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3.87 of 5 stars 3.87  ·  rating details  ·  1,441 ratings  ·  151 reviews
"A writer good enough to restore your faith in fiction."
It is only a week in the life of a 35-year old bachelor school teacher in a small Minnesota town. But it is an extraodinary week, filled with the poetry of living, the sweetness of expectation, and the glory of surprise that can change a life forever....
"Absolutely smashing....An altogether successfu
Paperback, 304 pages
Published July 12th 1986 by Ballantine Books (first published 1977)
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Judi just buy it….you will never be sorry. there is not one word that isn't in the right place. Jon Hassler was a distinguished author. you should read…morejust buy it….you will never be sorry. there is not one word that isn't in the right place. Jon Hassler was a distinguished author. you should read everyone of his books. they will lift your spirits and stay in your heart forever.(less)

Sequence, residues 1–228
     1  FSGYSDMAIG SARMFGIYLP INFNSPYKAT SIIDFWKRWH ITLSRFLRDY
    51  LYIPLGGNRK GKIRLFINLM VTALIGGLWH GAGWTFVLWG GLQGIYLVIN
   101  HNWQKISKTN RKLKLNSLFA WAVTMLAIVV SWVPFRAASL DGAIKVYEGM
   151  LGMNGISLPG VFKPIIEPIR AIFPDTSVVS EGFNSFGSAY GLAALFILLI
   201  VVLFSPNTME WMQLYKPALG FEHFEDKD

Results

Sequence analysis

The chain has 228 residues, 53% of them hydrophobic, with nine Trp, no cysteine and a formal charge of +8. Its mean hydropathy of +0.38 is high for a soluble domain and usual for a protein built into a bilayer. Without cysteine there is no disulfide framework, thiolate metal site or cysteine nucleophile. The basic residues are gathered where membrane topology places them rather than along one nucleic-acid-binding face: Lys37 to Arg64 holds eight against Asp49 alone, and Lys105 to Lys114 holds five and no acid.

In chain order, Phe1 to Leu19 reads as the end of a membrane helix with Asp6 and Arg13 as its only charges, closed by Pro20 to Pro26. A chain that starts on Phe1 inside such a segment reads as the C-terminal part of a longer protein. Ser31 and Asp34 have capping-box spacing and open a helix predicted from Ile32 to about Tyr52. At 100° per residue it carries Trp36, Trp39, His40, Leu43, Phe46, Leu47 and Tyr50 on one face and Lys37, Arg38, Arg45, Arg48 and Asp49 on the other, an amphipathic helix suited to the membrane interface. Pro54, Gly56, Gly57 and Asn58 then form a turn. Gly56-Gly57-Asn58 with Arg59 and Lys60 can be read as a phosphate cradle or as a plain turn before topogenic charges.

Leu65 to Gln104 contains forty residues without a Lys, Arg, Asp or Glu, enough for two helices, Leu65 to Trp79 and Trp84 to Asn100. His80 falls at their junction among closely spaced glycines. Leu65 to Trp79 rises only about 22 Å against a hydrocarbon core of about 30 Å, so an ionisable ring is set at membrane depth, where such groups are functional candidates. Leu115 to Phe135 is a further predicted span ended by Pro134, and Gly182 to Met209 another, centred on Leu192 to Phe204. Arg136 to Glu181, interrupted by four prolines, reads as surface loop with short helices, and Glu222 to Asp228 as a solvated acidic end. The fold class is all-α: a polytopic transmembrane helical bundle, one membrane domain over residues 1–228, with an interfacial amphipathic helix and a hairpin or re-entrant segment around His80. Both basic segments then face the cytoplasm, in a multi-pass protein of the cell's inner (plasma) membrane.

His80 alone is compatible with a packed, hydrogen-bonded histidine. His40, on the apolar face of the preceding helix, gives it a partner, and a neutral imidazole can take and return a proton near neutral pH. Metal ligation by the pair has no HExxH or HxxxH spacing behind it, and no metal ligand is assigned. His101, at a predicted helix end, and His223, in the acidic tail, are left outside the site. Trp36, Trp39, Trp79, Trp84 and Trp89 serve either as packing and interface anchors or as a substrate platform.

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The worlds Jon Hassler paints are ugly. Something in me recoils from the unprettiness of the scenery - the messiness of the characters' lives. Jane Austen, on the other hand, enthralls me. Her worlds are succinct, neat, tidy orderly. Even the chaos in her novels is well-framed by virtue, and never becomes too unhinged. In contrast, Hassler plays with the dark side of each mind. You never are allowed fully to escape from the fact of chaos. The situations in this book are - messy. The main charact ...more
Scott D.
My description of this novel: A week in the life of small-town high school teacher Miles Pruitt. There wasn't a fast moving plot. In fact, I'd have trouble explaining what the plot actually was. The only thing that seemed to push this novel forward was time itself.

I enjoyed it immensely, right up until the ending. I thought about it for a couple of days but am unable to convince myself that this ending isn't out of place or that it has a larger worthwhile point.

Yet, like I said, I really liked